It’s time to get back to my journey and sharing it with you. I’ve had a very shoe- centric 3 months. It’s been exciting and exhilarating and best of all, I’ve carved a path forward with my business.
As many of you know, I had not been able to practice my shoe making skills. My full-time job and personal issues were keeping me very busy. Last summer, I made a decision to make some big changes that would allow me to focus on shoe making. I’ve stepped down from my full-time teaching position as of August 31, 2016. I’ve beefed up my consultancy, ONO made in the 191.
I attended a Shoe Symposium in Ashland, Oregon and re-connected with my teacher Bill Shanor from Bonney & Wills. The biggest gain from this experience was a bunch of small quantity suppliers. These relationships have been critical in my path forward. I also made a connection with Iron Horse Boots who has a similar business model to me. I am hopeful we can collaborate and support each other as we move forward.
Since May, I’ve been working on making. I started with a recycled sandal and since have moved into 6 styles of women’s sandals. I’ll share each with you in my next posts. The plan is to work on my craft, work through prototyping and have the prototypes tested. So far so good. I’m concentrating on cement construction just now.
The next batch will include sewing with my fabulous new (to me) Singer Post Bed Machine. I’m partnering with screenprinter/bag maker, Tim Eads. His fabric, my designs to make a men’s loafer style deck shoe and women’s espradrilles. The bases have just arrived via Esty.
I’m back and ready to share my journey with you. Sit back and enjoy.
Architecture and shoe design lost a great one this past week – RIP Zaha Hadid. As we see somewhat often, architects understand how to make shoes. In 2013 Hadid and United Nude creative director, Rem Koolhaas produced a wonderfully sculptural, chromed collaboration dubbed the NOVA. Shown as the art pieces they are, the launch rightly presented them in museum exhibition mode, under glass.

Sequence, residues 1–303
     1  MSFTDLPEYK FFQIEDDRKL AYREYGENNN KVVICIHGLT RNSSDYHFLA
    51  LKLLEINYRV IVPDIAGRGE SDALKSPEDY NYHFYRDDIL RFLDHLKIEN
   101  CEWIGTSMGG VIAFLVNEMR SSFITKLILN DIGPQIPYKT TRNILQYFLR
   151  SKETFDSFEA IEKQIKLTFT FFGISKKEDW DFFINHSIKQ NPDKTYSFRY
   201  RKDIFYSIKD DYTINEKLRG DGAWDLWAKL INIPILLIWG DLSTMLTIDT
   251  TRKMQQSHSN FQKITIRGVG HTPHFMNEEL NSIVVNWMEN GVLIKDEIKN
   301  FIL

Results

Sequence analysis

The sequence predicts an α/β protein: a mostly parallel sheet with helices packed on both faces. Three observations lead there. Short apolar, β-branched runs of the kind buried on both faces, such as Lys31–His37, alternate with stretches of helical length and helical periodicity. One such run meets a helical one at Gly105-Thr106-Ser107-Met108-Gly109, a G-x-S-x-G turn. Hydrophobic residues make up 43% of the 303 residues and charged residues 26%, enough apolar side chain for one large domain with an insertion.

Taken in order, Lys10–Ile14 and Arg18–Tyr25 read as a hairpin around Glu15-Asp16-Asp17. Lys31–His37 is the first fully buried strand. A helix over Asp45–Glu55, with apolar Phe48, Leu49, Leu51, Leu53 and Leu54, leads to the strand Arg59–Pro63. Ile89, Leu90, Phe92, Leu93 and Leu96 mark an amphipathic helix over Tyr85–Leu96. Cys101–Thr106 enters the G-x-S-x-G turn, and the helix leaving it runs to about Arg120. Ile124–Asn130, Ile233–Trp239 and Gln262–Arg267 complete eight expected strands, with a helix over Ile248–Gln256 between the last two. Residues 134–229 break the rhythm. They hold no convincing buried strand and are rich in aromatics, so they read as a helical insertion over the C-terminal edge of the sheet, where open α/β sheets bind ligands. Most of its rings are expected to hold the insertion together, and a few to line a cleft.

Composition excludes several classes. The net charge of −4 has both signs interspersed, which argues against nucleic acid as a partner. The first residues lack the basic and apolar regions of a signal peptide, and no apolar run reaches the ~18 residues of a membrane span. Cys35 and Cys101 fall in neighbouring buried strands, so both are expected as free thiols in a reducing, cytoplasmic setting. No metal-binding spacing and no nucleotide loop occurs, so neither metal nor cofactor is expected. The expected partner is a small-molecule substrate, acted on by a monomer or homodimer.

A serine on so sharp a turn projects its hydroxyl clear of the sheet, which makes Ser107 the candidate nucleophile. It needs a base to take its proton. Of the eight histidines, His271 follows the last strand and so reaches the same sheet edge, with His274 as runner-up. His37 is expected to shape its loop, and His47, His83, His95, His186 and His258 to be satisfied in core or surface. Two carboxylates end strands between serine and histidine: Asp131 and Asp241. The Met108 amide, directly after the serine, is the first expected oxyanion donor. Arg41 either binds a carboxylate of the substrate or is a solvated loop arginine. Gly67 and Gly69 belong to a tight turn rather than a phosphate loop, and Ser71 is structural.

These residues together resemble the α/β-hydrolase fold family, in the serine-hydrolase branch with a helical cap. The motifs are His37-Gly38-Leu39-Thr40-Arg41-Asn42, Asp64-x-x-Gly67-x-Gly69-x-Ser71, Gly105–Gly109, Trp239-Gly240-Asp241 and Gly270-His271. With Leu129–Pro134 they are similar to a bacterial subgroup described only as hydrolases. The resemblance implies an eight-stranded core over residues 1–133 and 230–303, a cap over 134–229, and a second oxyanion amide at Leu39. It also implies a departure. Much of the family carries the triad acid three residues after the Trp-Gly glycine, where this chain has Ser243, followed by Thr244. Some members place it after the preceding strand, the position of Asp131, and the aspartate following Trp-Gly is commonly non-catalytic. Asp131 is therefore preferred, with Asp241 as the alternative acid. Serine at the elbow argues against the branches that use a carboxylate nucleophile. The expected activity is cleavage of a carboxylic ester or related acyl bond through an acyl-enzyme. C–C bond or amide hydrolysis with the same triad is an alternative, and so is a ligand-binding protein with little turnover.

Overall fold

According to the United Nude website, “the revolutionary design of the NOVA shoe combines innovative materialization and ergonomic considerations with the dynamism of [her] unmistakable architectural language to convey an inherent sense of movement…[she] has developed an innovative cantilevered system that allows the staggering 16cm (6.25 in) heel to appear completely unsupported.”
An innovator and futurist, she leaves the world a more interesting place.
Eye candy – works of art in leather. It’s arrived. Thank you Amazon Prime. Welcome to my bookshelf – Moreschi The Italian Art of Shoemaking: Works of Art in Leather, edited by Cristina Morrozi, photographed by Giò Martorana and produced by Rizzoli. This book traces the heritage of artisan culture & craft in Italian shoe production using the premiere brand, Moreschi as a model. Known for exacting standards and unique style, Moreschi produces every pair of shoes from design stage to retailer on-site. Breathtakingly beautiful for your coffee table. Instructive for the shoe purist.
Today, March 15th is National Shoe the World Day. 500 million people around the world don’t have reliable shoes! That’s outrageous when so many, including me, have a closet filled with more than we could ever wear out.
What can you do today and every day? Spread awareness to everyone you know about the need. Shop for shoes that give back. Check the archive for SOS-Save our Soles and Shoes that Grow. Or check out these buy one give one brands: Tom’s, Roma Boots, and Bob’s by Sketchers. Help locally by cleaning out your shoes and sending the ones you no longer need to a local shelter.
Today do something good to help get a pair of shoes to those in need. Thursday you can celebrate with a green beer.
There’s not much fashion included, but this display sure does make a statement. Created by Argentinian artist, Dalila Puzzovio in 1967 as a reaction to the lack of response to trends in Argentinian Fashion, these colorful shoes were an avante-garde, contemporary couture contrast to the usual (at the time) black and brown styles of the day. The award winning sculpture was displayed in the windows of Argentinian shoe chain, Grimoldi, the perfect foil for blurring the lines between mass-production and Art.
These baby are certainly part of the shoe vernacular today.